The death of a pioneering Australian actor and social justice campaigner brought memories flooding back for The Bug’s political commentator.
During the week I experienced strong feelings and memories both happy and sad on hearing news of the death of noted Aboriginal activist and actor, Rosalie Kunoth-Monks.
The 85-year-old Arrernte and Anmatjerre woman was a passionate advocate of causes to improve the lives and wellbeing of our First Australians.
But she first rose to fame in the lead role in the 1955 Australian film Jedda about a young Aboriginal lass who is raised by a white family in the Australian outback but still feels the strong pull of her native ways.
It was one of my good lady wife Devon’s favourite movies and I recall it being discussed by her the local women’s group she started very soon after we were married.
I do recall that Devon was always keen to get me out of the house before the weekly meetings started and I readily obliged, not that I didn’t support the broad thrust of the women’s movement, it’s just that I really never had any direct experience of it.
Strangely, the meetings usually consisted of only two women – Devon and her long-time friend Lesley whom she had known since well before we were married. They had always been very close and Les – as Devon always called her and still does – even accompanied us on our honeymoon.
But I digress.
The thought of Jedda brought memories flooding back for me of a day in Canberra in late 1955 when I was on secondment from my post as Deputy Under-Secretary of the Tick Eradication Bureau within the Department of Agriculture and Native Affairs and was working as a special adviser to then Prime Minister Robert Menzies, later Sir Robert. (main picture)
It was a Monday morning when Menzies called me into his office and told me that he and his wife had gone to the movies at the weekend to see Jedda. The film, directed by famous Australian film-maker Charles Chauvel, has the distinction of being the first full-colour feature-length film made in Australia.
“Rufus, I have a job for you,” he said with what, in retrospect was considerable understatement.
When he told me he’d seen Jedda my mind began to race.
Having read some reviews of the film as well as being vaguely acquainted with its subject matter, I envisaged Menzies had a task for me that involved Aboriginals in some way.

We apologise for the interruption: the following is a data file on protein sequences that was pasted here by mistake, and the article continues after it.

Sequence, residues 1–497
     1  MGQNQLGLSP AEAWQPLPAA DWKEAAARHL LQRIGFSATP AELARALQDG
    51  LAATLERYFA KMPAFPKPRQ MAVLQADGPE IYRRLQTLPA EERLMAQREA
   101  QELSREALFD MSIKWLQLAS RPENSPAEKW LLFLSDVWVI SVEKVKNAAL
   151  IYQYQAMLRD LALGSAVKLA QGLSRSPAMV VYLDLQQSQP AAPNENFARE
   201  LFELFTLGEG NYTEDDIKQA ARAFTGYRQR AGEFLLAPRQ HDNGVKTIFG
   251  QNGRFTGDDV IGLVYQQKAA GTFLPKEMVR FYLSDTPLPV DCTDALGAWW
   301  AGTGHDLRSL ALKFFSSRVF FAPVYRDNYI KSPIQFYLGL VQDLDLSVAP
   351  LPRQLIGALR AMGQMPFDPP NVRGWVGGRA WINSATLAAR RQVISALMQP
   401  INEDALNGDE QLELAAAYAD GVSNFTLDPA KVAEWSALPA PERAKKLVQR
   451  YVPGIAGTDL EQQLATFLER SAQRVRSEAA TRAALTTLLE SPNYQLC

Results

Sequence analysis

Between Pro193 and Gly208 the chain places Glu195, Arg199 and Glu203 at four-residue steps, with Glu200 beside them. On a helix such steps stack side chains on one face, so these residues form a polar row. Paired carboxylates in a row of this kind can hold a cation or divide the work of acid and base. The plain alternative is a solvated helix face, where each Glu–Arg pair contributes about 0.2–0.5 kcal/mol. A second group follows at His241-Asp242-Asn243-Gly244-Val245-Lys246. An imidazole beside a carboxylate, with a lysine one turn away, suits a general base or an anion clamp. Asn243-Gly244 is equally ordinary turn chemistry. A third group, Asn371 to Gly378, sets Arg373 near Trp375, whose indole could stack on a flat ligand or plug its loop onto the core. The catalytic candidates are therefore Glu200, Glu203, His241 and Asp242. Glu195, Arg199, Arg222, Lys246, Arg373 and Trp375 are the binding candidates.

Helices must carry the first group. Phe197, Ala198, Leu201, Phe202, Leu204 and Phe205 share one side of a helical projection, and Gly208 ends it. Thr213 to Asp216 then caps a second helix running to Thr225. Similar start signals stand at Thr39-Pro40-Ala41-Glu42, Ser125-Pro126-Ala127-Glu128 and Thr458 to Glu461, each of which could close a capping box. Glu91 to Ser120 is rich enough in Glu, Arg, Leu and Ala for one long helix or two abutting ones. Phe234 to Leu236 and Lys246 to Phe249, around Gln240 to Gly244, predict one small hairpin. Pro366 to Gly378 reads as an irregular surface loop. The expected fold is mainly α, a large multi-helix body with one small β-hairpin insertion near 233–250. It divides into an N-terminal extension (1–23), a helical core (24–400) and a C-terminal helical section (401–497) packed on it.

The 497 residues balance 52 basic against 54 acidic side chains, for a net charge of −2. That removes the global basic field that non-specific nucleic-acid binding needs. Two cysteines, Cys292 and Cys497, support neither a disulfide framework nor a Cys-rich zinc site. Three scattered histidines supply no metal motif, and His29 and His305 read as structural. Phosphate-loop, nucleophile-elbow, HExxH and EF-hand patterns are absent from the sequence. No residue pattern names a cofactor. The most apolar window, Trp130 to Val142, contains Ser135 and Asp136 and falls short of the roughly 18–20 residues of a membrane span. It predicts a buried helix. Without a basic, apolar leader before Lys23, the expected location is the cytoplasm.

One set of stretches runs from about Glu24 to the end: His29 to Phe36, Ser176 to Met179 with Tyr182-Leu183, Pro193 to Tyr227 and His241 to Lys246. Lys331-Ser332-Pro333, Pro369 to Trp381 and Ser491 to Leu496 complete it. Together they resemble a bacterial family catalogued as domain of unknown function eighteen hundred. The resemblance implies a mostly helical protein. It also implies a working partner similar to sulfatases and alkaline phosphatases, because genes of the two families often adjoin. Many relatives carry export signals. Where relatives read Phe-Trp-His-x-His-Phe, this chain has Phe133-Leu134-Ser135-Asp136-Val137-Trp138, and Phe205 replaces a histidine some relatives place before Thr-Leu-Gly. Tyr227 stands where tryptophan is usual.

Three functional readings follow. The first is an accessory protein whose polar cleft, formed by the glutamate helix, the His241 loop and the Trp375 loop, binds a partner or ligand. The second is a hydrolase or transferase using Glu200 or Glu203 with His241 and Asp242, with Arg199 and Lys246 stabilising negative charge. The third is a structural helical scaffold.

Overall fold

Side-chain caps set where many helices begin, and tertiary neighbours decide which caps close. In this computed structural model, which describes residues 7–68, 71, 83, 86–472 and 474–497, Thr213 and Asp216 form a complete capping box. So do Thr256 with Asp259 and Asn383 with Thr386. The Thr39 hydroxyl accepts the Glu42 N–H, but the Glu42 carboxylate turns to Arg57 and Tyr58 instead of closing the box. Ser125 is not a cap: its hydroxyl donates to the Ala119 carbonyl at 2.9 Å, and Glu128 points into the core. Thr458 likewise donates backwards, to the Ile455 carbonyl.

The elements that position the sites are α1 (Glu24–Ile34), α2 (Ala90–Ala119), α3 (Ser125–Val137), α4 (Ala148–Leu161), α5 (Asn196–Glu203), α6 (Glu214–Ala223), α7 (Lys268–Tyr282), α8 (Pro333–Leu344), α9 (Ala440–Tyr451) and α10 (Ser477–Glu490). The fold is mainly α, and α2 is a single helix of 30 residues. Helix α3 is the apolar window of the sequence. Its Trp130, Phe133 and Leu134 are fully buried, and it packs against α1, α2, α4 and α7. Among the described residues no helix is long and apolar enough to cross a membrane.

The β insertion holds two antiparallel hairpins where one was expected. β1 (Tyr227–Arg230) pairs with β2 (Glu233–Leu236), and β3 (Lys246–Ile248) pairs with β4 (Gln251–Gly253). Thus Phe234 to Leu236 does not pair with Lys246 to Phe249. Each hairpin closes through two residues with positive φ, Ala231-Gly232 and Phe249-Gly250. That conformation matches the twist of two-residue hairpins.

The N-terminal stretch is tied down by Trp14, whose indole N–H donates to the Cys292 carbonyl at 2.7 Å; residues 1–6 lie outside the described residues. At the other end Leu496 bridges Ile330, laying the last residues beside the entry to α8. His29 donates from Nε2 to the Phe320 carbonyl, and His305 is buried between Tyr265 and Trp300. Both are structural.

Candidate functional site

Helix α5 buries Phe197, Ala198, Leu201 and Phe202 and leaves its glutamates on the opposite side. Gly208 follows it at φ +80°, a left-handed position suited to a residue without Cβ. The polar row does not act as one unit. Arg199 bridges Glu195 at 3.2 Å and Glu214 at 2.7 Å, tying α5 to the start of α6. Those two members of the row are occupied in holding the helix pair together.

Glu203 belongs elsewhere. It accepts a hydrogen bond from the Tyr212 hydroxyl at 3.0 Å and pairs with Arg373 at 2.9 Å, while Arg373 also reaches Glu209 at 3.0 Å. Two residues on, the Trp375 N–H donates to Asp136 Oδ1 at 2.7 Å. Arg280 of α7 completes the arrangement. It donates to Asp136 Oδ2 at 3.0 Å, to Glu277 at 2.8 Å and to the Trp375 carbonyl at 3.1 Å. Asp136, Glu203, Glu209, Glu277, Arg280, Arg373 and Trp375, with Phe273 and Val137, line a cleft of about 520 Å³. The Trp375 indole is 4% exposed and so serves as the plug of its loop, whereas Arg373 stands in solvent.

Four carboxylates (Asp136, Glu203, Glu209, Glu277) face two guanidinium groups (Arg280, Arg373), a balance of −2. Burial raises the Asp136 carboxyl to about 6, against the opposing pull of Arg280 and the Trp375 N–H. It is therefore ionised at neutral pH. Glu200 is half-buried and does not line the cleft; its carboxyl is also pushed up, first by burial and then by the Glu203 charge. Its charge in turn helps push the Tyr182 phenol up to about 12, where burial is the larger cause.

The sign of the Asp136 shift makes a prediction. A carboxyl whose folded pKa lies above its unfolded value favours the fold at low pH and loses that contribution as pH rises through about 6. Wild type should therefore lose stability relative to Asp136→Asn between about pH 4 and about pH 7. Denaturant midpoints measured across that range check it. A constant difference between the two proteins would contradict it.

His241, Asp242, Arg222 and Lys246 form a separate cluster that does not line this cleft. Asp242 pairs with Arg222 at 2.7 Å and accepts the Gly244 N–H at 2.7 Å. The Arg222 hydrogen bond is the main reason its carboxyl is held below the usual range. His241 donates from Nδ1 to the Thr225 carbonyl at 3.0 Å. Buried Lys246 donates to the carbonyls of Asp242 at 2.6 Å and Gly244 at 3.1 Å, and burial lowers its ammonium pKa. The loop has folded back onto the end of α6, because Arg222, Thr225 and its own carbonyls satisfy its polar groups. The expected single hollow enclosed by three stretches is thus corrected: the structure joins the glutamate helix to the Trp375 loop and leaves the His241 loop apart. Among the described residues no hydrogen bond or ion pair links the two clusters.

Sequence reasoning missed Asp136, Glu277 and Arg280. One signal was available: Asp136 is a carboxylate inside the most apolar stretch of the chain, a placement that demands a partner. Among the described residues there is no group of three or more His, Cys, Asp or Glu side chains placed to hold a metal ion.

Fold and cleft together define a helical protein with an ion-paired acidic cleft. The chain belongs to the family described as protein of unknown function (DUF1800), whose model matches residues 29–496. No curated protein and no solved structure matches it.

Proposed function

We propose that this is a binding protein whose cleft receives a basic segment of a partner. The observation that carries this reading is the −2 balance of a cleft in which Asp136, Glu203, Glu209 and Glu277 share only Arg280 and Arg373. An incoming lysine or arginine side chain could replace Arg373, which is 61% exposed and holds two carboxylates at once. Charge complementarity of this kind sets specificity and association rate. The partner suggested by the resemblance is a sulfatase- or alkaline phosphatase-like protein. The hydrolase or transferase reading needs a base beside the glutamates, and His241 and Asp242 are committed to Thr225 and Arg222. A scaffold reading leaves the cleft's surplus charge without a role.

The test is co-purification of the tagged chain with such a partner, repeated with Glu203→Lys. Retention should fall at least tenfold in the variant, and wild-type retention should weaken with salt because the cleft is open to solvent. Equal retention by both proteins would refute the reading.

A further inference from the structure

Could he be about to ask me to take a leading role in examining the then common practice of taking native kiddies and placing them with Australian families? Even then the benefits of such government-sponsored and church-sanctioned programs were being questioned, albeit by some small, left-leaning but vocal fringe groups and individuals.
Could he be about to hand me the task of assessing the adequacy of Aboriginal health and welfare programs? Again, even in the 1950s some radicals – more than likely funded by the Communists – were eager to stir up trouble on that issue.
Impetuously, I interrupted Menzies and raised both issues, assuring him of my willingness to undertake any form of inquiry into such matters and to provide him with a full report endorsing the government’s actions.
He looked at me with what appeared to be genuine bewilderment, before holding up his right hand to cut me off.
“No, no, nothing trivial like that Rufus,” he said, “I’m talking about a brand new export industry for this country – feature films.”
I was at once downcast – having misread his intentions so badly – yet exultant and full of admiration at such a bold and innovative idea.
“At the moment almost all the films we see here come from America,” Menzies continued. “It’s appalling that our kiddies are being raised on a diet of Yankee movies, with American stars, American settings and American stories….”
I again interrupted. “And British,” I began, before again being cut off, this time by one of the Prime Minister’s withering looks and a stony silence.
“As I was saying,” he continued, “we cannot let the Americans invade this country through our picture theatres.
“We have to fight back – fight them on their own turf, so to speak. This film, Jedda, seems to me to be the ideal starting point. I can’t see why it wouldn’t be a big hit in America, after all there are a lot of people like Jedda herself in America.
“I’m sending you to America as a special trade commissioner for our film industry. I want you to scout around over there, take Jedda and a few of our other films with you, and see if you can’t rustle up a few deals.
“That chap Chauvel, he did Forty Thousand Horsemen, didn’t he?”
I told him yes, Chauvel had indeed directed that epic about the gallantry of Australia’s Light Horsemen in the Middle East during the First World War.
“Don’t tell me the Yanks wouldn’t go for that one either,” Menzies said. “They’d love Chips Rafferty. What about some of the older ones – The Sentimental Bloke, Soldiers of the Cross and Australia Calls – ahead of its time, that one.”
I tactfully mentioned to Menzies that it might be an idea to steer away from silent films, no matter how good they were.
“You’re right, Rufus, as usual,” he said. “Take just the talkies, stuff like the Dad and Dave films, things that show the real Australia.”
The Prime Minister stood up.
“Pack your bags, Rufus, you’re off to Hollywood,” he declared.
On that day in 1955 I knew one thing. I was about to play my own starring role and embark on a great adventure.
I can tell many tales of my time in Tinseltown – happy, sad, and some even tragic – but one in particular stands out.
TO BE CONTINUED……
Rufus Badinage MBE, now retired, is one of Australia’s leading experts on politics and public administration having worked as a senior bureaucrat for various state and federal governments.